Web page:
Social Anxiety Disorder Diagnosis DSM5

Suppose you think you may have a social anxiety disorder, or your doctor has recently evaluated you and has given you a social anxiety disorder diagnosis. In that case, you are in the right place.

Here you will learn how a mental health professional makes their decision according to the DSM-5 (Diagnostic and Statistical Manual of Mental Disorders).

social anxiety diagnosis

What Is Social Anxiety?

Social anxiety disorder, also known as social phobia, involves distress around people and social interactions.

The DSM-5 manual associates social anxiety disorder with other anxiety disorders like generalized anxiety disorder, panic disorder, and specific phobias.

Someone with social anxiety will be concerned with being embarrassed or judged by others, and the discomfort felt as fear and anxiety will often occur with the following symptoms.

  • Nausea
  • Tremors
  • Apnea
  • Increased heart rate
  • Sweating

A person with social anxiety disorder wants to participate in social situations, humans are social beings, but their anxiety can be intolerable.

Eventually, this can lead to isolation, and their social skills may diminish or become under-developed, further deepening their social anxiety.

Social Anxiety Disorder Statistics Among Adults

The statistics are based on data from the National Comorbidity Survey (NCS-R) between 2001-2003. 

It is estimated that 7.1 percent of adults have had social anxiety in the past year. Females were more than likely to have a social anxiety disorder at 8 percent, while males were 6.1 percent.

Younger age groups tend to have social anxiety more than older people.  

  • 18-29 | 9.1%
  • 30-44 | 8.7%
  • 45-59 | 6.8%
  • 60+ | 3.1%

Of the adults who had a social anxiety disorder, 29.9 percent had a severe impairment in their lives. 38.8 percent had a moderate impairment, and 31.3 percent had mild impairment.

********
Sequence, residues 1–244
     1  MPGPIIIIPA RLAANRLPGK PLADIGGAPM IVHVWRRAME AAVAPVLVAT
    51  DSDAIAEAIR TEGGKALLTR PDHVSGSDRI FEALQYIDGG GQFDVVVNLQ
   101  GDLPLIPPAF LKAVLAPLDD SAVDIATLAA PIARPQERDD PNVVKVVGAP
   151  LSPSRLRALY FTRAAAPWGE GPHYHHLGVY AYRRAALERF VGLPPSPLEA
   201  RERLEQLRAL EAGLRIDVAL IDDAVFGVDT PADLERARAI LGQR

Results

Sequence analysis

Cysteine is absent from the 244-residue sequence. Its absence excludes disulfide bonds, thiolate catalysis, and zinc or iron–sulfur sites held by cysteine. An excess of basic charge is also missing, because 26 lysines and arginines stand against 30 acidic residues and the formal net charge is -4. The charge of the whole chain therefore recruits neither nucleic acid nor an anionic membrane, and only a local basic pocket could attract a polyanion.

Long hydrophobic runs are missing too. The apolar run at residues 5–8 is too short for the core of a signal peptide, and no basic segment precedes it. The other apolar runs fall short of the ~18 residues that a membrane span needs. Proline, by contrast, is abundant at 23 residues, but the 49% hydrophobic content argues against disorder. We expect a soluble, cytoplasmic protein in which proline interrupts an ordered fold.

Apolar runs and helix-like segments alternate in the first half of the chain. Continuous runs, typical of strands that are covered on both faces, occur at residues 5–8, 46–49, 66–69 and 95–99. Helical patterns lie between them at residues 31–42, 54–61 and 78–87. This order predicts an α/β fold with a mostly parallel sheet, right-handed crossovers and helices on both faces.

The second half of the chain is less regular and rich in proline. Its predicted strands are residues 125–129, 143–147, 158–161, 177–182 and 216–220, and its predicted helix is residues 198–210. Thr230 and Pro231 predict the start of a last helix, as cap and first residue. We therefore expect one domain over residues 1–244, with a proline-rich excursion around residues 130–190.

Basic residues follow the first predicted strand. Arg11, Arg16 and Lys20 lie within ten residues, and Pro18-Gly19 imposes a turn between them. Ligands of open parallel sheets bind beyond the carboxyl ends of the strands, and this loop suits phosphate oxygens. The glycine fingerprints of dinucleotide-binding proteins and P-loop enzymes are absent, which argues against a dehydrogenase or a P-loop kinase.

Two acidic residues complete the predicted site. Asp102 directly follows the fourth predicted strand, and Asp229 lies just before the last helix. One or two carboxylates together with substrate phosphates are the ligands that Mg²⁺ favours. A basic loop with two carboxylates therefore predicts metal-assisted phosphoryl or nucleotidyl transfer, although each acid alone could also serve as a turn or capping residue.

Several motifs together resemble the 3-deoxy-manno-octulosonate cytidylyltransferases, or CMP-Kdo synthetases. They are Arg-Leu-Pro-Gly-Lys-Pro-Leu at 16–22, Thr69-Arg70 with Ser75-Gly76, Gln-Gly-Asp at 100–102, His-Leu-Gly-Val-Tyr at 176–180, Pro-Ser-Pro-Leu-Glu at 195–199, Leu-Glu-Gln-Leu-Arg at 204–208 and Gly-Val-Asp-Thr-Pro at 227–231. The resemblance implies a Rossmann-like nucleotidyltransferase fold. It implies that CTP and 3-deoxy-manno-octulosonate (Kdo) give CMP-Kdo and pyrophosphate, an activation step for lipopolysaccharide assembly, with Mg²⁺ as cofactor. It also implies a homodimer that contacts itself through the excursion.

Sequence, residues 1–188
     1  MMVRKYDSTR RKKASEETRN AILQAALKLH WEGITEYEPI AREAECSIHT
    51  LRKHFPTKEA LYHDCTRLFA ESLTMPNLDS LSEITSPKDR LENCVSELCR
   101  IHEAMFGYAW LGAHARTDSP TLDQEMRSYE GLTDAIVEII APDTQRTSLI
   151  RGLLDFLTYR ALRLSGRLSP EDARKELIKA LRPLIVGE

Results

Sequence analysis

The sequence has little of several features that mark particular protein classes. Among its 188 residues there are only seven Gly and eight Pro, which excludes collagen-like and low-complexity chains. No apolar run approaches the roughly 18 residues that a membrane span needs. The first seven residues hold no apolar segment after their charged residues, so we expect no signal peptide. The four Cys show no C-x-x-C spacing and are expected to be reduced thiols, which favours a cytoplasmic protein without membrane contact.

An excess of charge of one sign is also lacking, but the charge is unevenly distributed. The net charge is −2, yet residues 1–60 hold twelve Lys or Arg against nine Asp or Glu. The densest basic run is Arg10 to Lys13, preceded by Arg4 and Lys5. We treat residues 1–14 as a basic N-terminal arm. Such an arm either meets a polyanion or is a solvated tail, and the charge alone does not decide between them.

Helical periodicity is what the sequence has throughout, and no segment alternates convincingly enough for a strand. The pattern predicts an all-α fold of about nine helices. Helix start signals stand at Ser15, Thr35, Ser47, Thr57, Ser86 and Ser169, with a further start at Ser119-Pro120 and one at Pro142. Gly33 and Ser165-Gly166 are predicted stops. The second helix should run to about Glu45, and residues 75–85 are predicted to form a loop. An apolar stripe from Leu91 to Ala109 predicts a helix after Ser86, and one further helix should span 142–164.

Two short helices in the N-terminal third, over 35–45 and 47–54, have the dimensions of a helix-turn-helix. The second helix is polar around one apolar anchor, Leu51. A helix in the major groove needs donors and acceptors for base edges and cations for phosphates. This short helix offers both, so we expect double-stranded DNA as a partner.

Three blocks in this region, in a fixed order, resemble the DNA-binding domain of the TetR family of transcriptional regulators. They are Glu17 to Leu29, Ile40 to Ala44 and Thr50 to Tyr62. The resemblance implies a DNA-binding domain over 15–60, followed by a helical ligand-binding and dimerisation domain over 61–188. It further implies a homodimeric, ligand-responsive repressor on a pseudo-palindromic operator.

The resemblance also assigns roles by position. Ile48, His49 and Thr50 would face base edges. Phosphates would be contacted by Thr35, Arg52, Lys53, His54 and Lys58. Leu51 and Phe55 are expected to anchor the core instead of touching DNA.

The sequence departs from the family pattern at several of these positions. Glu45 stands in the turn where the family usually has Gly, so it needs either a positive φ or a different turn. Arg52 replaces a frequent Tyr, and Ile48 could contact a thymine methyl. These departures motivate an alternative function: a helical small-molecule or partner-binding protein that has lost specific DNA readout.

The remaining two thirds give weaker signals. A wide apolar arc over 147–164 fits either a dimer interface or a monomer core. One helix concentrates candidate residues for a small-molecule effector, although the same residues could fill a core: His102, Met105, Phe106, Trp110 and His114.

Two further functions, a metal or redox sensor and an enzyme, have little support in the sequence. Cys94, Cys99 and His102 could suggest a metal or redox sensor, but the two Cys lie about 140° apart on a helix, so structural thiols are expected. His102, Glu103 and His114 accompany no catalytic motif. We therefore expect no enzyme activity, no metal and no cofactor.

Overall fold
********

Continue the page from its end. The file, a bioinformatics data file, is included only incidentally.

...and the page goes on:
Symptoms Of Social Anxiety Disorder

First, I will start with the criteria laid out in the DSM-5 in Section 300.23 on pages 202-203 in a more simplified version (not doctor-speak).

A. When you have fear or anxiety in social situations where you might meet new people, feel they may scrutinize you, feel observed, and in the spotlight.

You may also feel anxious in a job interview, giving an oral presentation or speaking in a meeting as well as eating in front of people.

B. You fear you will display your anxiety symptoms, and others will judge you negatively, and you will become embarrassed or be rejected.

C. Social interaction always brings distress and feelings of fear or anxiety. Children may cry, become clingy, not speak, or have tantrums.

D. You either avoid social interactions or reluctantly endure them with intense stress and anxiety.

E. Your fear will be exaggerated or disproportionate to what the actual situation is.

F. You fear, distress, anxiety around social situations has lasted six months or longer.

G. The fear or anxiety causes significant distress or impairment in your daily life, either occupational functioning or interpersonal.

H. Your anxiety is not due to a medical condition, medication, or substance abuse.

I. Your anxiety is not from another mental disorder.

J. Another medical condition is present, which may cause you to be over self-conscious.

Associated Features Supporting the Diagnosis

  • excessively submissive or lack assertiveness
  • rigid body posture
  • minimal eye contact
  • overly soft voice
  • shy or withdrawn
  • finding jobs with little social contact
  • live with their parents longer
  • take longer to have a family or get married
  • choosing to be a homemaker over finding a job
  • self-medicating or substance abuse

Differential Diagnosis

The differential diagnosis has to do with finding the differences between one disorder versus another disorder.

Your therapist or clinician must take in all the facts or symptoms to rule out other disorders.  

Many people are shy or introverted naturally and could misinterpret them as having social phobia or social anxiety.  

Vice versa, someone with social anxiety could mistakenly be diagnosed with another disorder.

Here are some mental disorders a therapist would need to take into account:

  • depression
  • post-traumatic stress disorder (PTSD)
  • panic disorder
  • shyness
  • generalized anxiety disorder (GAD)
  • introversion
  • agoraphobia

What Is The Treatment For Social Anxiety?

While you may have social anxiety and may always live with it, there are a few beneficial treatments that may help, including cognitive-behavioral therapy or CBT for short, and taking medication.

How Do You Get Diagnosed?

How do you get diagnosed with a social anxiety disorder? If you have symptoms or are concerned, making an appointment with your doctor is the first step.

Your doctor or mental health professional will do diagnostic testing, and it typically lasts about an hour to an hour and a half.

They will ask you questions to help rule out other disorders and make sure you meet the criteria for having social anxiety.

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